Swimming in the sea, munching on a bloody seal carcass, checking out a sexy male, worrying about the rapid decline of Arctic sea life -- all part of the daily routine of your average female polar bear living north of Prudhoe Bay, Alaska.
By attaching small cameras to the collars of four wild bears, the U.S. Geological Survey captured this intimate view of Arctic life. The agency's calling it the "first-ever point of view" video of its type, and it's being used to study the unique challenges presented by global warming. From the USGS:
Scientists with the USGS have been studying polar bear movement and habitat use for decades using radio and satellite telemetry, mostly used to determine a polar bear’s location. New video collars allow scientists to link the location data from the collar with the actual behavior recorded by the cameras.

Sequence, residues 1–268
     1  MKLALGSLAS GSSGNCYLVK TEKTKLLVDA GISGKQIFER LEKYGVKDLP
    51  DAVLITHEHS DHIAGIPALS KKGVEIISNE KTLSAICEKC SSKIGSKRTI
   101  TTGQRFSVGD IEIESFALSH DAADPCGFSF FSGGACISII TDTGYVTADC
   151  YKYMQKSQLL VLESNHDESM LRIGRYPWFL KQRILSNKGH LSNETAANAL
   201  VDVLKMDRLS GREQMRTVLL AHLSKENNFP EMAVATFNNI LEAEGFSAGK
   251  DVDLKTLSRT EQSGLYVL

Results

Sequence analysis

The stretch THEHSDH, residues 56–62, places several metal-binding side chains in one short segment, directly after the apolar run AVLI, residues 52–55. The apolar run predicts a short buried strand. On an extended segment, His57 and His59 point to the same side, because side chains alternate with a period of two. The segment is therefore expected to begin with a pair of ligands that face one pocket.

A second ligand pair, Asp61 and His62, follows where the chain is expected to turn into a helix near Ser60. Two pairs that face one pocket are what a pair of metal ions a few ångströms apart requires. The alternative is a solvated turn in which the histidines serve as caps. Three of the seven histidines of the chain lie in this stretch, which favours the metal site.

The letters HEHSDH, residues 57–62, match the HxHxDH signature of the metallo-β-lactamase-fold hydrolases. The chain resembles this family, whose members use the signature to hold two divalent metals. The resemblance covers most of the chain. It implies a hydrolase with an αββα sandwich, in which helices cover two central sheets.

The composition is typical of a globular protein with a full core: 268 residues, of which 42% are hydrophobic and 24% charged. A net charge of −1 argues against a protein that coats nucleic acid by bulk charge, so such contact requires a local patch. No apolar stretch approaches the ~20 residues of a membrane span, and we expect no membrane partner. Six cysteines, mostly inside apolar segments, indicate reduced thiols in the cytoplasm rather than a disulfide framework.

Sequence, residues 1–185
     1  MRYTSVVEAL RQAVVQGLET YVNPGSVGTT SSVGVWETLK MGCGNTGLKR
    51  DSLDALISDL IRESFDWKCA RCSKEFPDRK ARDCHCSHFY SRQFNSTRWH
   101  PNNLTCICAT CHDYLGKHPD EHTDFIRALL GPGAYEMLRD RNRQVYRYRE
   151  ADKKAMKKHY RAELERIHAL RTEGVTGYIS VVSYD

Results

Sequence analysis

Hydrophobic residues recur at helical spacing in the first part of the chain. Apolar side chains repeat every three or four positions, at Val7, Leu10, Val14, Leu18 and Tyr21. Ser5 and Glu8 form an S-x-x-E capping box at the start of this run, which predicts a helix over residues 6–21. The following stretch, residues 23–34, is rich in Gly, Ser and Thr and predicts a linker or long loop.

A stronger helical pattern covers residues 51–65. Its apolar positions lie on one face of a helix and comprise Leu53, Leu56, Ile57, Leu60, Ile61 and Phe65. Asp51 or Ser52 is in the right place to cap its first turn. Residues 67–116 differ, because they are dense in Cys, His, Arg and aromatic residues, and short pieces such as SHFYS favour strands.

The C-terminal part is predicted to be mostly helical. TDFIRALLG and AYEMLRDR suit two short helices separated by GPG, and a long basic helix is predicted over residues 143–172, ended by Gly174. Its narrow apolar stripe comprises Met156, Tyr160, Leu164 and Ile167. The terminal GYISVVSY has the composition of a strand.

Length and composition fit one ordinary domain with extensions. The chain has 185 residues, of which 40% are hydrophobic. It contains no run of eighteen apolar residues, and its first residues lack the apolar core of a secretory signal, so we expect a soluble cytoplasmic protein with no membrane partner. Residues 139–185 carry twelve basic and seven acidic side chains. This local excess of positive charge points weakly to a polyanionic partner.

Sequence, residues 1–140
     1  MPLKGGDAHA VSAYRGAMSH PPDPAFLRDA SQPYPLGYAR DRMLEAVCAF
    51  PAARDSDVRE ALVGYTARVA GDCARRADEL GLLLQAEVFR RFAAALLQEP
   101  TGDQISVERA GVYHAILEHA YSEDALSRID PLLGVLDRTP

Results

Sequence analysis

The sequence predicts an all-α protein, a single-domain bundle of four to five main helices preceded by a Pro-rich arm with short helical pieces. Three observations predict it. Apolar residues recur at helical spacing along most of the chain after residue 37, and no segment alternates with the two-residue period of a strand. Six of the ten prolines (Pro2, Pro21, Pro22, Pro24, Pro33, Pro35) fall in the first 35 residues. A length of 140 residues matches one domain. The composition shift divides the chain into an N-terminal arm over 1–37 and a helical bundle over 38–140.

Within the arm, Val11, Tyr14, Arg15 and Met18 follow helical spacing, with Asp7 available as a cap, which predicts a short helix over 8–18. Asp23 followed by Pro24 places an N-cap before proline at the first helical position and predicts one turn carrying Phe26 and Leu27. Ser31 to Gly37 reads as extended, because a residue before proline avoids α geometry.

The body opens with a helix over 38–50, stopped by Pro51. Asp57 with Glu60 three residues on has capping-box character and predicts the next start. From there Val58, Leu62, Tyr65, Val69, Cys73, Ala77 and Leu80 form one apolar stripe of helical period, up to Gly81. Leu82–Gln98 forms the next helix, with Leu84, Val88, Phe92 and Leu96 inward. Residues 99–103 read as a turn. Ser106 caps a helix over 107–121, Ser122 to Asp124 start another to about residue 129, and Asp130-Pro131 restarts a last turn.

Although these collars were only on for about 8-10 days, scientists can start to understand the activity patterns of polar bears, for example how often they eat, hunt, rest, walk, and swim and how these behaviors may be affected by sea ice conditions and other variables. Ultimately, this information will help scientists examine the energetic rates and nutritional demands of these animals and the potential effects of declining sea ice conditions,” said [study leader Anthony] Pagano.
Check it out below: